5. 5. India  (1) What to produce?    Since 1991, India has slowly allowed the markets to open up to private sector domestic and foreign businesses. The majority of the population relies on subsistence agriculture as a means of survival. There is a lot of bureaucracy and corruption involved in setting up and operating a business.
  6. 6. India  (2) How to produce?    India is increasing its oversight of intellectual and private property rights, but legal challenges are fraught with bureaucracy. India has an increasingly educated workforce particularly in areas of engineering and computer science. A complex, corrupt, and hefty tax system can sometimes make operating a business in India difficult.
  7. 7. India  (3) For whom to produce?   Food production is largely for domestic consumers with many citizens producing food mainly for their own family consumption. The software and business process outsourcing and industries are rapidly expanding export markets for private Indian companies.
  8. 8. Place on the continuum: India would be more to the market side of the continuum than China.
  9. 9. Japan (1) What to produce?   Japan’s economy is primarily market driven with supply and demand determining what will be produced. The few industries that are highly government-controlled, such as agriculture, have much lower productivity rates than those industries controlled by market forces.
  10. 10. Japan  (2) How to produce?  Private businesses determine their own production processes in most of the economy.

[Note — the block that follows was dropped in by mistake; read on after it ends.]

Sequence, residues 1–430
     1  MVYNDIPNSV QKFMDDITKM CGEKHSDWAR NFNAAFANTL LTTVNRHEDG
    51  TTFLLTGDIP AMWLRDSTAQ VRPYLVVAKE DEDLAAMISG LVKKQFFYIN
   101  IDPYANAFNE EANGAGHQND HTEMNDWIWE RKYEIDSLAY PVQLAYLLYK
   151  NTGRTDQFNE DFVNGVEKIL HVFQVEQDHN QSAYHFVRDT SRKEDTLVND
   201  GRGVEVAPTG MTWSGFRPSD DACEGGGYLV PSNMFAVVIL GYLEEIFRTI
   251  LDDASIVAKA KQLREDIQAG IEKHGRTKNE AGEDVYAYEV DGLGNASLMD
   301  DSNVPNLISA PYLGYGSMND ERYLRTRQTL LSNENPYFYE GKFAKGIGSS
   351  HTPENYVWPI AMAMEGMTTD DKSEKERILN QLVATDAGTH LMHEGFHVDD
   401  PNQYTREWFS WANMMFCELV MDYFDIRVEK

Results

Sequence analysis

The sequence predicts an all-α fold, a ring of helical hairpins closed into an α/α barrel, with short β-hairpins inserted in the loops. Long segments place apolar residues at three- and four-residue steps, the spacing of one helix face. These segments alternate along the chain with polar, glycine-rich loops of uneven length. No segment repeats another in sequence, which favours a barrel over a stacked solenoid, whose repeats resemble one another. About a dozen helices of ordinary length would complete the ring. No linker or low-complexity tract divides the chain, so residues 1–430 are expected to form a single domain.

11. 11. Japan  For whom to produce?   Japan’s population enjoys a high standard of living and creates a strong domestic market for goods and services. The efficiency of Japan’s production and its reputation for quality products/services has made it a major exporter.
  12. 12. Out of all four countries in this element, Japan would be the closest to the market side Of the continuum.
  13. 13. North Korea  (1) What to produce?    Although there have been some small market reforms recently, the majority of legal economic activities are centrally controlled by the government. Due to natural disaster and inefficient government-run industries, North Korea is a major recipient of food and basic service aid from Non-Governmental Organizations (NGO) and foreign nations. The U.S. provides the people of North Korea with a large amount of aid. Like in many highly centralized economies, there is a large underground economy that runs on a more market based system.
  14. 14. North Korea  For whom to produce?   Approximately one fourth of all domestic output is devoted to maintaining the military. This severely limits the amount of goods and services that make it to the rest of the people of North Korea. North Korea produces natural resources and manufactured goods for export.
  15. 15.  Placed on the continuum: North Korea would be much more to the command side of the continuum than any of the other nations discussed. One of the most command economies in the world today.